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Book Review: Elijah of Buxton

27 February 2012 One Comment

Elijah of Buxton by Christopher Paul Curtis
Scholastic Canada
368 pp

By Nikelle Marier

Christopher Paul Curtis’s children’s novel transports us back in time to a Canadian settlement for runaway slaves: a place and a struggle in Canadian Black History that is rarely acknowledged.

This is a book that should be read, shared and talked about by everyone regardless of age or ethnicity.  It is a historical fiction novel that tells the story of Elijah Buxton, the first child to be born free in Buxton, Ontario. The novel is told in the first perspective of an innocent 11-year-old boy whose dignity, determination and honour touched the lives of everyone he met.  Walk with him through his joys, despairs and struggles in this moving novel that intertwines fact with fiction and introduces the readers to actual people, places and events that are part of Canadian Black History.   A settlement where old fashioned values were highly regarded, elders were treated with respect and a strong sense of community existed.

It is filled with symbolisms and messages that are relevant to modern day times. The values and sense of community that prevailed in Buxton helped them to thrive and prosper throughout hard times. Characters in the novel that deviated from those values were met with despair, misery and/or death. The author includes deep and powerful quotes  like, “A coward dies a thousand deaths but a brave boy dies but once” , as subtle encouragements for readers to always stand up for what they believe in not matter how difficult the circumstance.  In addition, the story is written in a way that reminds readers that life is often confusing for children and those little eyes are watching, listening and imitating what they see around them.  Black, white, young and old must unite, show respect for each other and uplift and empower each other.  Life is not easy or always fair but with hard work, determination and faith you can prosper.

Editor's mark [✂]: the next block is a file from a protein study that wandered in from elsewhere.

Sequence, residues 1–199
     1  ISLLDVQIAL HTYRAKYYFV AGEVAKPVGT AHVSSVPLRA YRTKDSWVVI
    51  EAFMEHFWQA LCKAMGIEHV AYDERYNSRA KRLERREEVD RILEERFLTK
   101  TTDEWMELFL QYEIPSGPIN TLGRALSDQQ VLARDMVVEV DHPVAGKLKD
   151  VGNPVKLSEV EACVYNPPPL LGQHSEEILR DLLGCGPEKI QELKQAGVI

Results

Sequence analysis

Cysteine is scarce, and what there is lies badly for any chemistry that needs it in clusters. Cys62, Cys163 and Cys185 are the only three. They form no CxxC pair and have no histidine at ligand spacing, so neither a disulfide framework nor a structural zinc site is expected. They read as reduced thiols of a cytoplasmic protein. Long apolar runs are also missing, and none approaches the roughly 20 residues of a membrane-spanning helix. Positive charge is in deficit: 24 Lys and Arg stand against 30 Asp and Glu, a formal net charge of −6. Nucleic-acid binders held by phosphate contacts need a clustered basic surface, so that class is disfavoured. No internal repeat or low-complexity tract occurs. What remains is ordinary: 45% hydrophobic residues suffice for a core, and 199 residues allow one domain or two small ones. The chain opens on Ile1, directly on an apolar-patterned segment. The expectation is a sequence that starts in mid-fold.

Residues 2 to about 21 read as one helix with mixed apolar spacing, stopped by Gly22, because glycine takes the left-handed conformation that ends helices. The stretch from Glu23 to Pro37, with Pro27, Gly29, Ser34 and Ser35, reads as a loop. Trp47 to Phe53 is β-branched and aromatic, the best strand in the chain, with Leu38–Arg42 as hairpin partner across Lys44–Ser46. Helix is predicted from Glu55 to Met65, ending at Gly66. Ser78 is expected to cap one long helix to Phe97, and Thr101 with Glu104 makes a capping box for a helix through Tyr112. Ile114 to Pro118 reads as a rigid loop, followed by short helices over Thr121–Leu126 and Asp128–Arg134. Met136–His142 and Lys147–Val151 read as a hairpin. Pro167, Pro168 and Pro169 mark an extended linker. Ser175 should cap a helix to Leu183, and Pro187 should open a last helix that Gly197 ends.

Written between the lines are also reminders that we are all related and connected by the struggles of those that came before us. Many died so that that we all could be free to live together in peace and prosperity. The best tribute we could pay to those who battled on the frontlines of the battle for freedom is to return to the old fashioned values and attitudes that this community exemplified and realize our full potential as a community.

I will never know the pain of being separated from my family due to slavery or have to fear slave catchers taking away my freedom.  I can attend high school and plan a future without limitations. The book leaves me with pride, respect and hope.  I encourage everyone to read the book and think deeply about the hidden messages.  The book inspired me to realize that even though I am only 15 years old, I am powerful. I have a responsibility to make the most of the freedom that was earned by the blood, sweat and tears of others. I have a role to play and a contribution to make.  What is your role?

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One Comment »

  • Christine Trotter said:

    Very well written and thought provoking book review. Sounds like a book worthy of reading.

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